So if you’re a rock hound, or know someone who is, pick up a copy of this book. If you like to break your brain thinking about the vast expanses of time required to make a planet on which Homo sapiens can be the species it always wanted to be, this is the book for you. If you are having trouble getting to sleep and you aren’t fond of using medication to send you off to slumberland, well… This book probably wouldn’t hurt.

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“If you have just missed your train, you can at least lean on a bar that is 1500 million years old and reflect that perhaps half an hour is not that serious a delay.”
– Richard Fortey, speaking of a bar countertop in Paddington Station, The Earth: An Intimate History
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Filed under geology, nonfiction, Richard Fortey, science

Review 90: The World Without Us


The World Without Us by Alan Weisman

Death is a bummer.

I mean, here’s the thing – we all know we’re going to die. It’s part of the human condition, knowing that sooner or later the only existence that we’ve ever known is going to come to an end. And that’ll be it – no more us. It’s a creepy thought, to be honest, which is why most of us do our everlovin’ best to ignore it. We all know that we’re going to die, but we don’t want to know it, so we ignore it. We eat our Super-Double-CheezyFries, go BASE jumping, vote Republican, willfully ignoring the inevitable truth that these things are going to end up killing us.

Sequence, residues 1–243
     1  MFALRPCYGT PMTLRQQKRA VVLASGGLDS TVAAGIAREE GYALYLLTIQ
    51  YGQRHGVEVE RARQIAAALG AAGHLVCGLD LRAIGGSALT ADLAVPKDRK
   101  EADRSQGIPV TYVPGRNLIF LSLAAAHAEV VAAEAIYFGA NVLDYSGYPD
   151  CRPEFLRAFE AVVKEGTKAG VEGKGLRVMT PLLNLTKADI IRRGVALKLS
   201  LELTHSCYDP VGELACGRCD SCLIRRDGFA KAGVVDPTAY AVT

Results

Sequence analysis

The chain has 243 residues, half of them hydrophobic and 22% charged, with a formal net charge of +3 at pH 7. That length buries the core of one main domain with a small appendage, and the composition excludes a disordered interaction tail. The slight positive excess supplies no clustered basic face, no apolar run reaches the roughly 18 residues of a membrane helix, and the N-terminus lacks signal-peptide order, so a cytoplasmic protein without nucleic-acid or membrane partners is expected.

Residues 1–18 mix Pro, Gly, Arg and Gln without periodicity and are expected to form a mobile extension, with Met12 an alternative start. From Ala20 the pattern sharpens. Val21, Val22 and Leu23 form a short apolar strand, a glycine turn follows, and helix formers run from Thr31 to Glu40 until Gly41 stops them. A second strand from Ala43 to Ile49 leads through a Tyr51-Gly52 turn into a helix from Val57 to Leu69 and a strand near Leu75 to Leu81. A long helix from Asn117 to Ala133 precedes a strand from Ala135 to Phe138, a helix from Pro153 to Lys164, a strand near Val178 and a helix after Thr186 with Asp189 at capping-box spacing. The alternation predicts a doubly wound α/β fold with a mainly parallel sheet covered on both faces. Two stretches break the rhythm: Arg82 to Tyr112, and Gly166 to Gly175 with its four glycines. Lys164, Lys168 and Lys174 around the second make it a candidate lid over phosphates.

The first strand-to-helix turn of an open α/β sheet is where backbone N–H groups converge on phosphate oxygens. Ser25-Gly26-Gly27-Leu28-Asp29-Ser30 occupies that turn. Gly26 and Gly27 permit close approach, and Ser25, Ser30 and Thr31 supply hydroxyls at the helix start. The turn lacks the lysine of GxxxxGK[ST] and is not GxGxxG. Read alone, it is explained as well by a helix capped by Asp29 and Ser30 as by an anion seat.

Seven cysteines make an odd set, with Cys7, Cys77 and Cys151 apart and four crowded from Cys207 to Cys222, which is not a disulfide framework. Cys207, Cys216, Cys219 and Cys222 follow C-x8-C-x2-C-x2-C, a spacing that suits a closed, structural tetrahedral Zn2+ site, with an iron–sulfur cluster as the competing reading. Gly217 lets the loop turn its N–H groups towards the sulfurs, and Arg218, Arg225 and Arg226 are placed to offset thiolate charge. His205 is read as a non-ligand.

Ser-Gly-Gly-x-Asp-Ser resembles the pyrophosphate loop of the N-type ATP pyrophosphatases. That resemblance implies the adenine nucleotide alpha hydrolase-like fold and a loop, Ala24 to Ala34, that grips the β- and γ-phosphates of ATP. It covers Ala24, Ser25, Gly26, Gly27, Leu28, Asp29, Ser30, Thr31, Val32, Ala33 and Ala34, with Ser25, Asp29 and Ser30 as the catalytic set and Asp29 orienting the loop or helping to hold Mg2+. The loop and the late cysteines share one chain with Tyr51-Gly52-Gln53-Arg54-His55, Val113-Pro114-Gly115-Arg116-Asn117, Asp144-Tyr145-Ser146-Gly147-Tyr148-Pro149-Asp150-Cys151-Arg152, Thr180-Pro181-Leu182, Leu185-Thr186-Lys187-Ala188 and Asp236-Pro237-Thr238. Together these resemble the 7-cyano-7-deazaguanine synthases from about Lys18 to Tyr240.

Even when we are confronted with our mortality, we still find ways to console ourselves. We look around at our families and our friends and say things like, “No one truly dies so long as they’re remembered.” And we accept that even if we aren’t there, other people are. The things we’ve done in our lives, no matter how tiny, will echo around humanity as long as it lasts. If we are truly lucky, we will have contributed greatly to our species as a whole and gained a very special place in history.

But then we remember that even history is impermanent. The average species only gets to live about four million years, and we’ve already eaten up about a quarter of that. What’s more, we seem to be doing our level best to come in below average. Science tells us one inescapable fact: nothing lasts forever. One day, maybe sooner, maybe later, the last of the humans will die. Perhaps we’ll be replaced by another intelligence, one that can continue our work. Or perhaps we’ll just leave everything behind. All that will be left will be artifacts, objects that tell the story of humanity.

And that cheers you up a bit. We’re good at leaving marks, after all. We built a wall that’s so big it’s practically landscape. We split two continents apart in the name of commerce. We have girded our land masses in iron and asphalt, erected great cities of glass, concrete and steel. We have lowered mountains and raised seas, extracted the blood of the earth and bent the rivers to our will. Even if the human race vanished tomorrow, some far-future alien archaeologist would still be able to come here and know that a brilliant and puissant species once walked this world.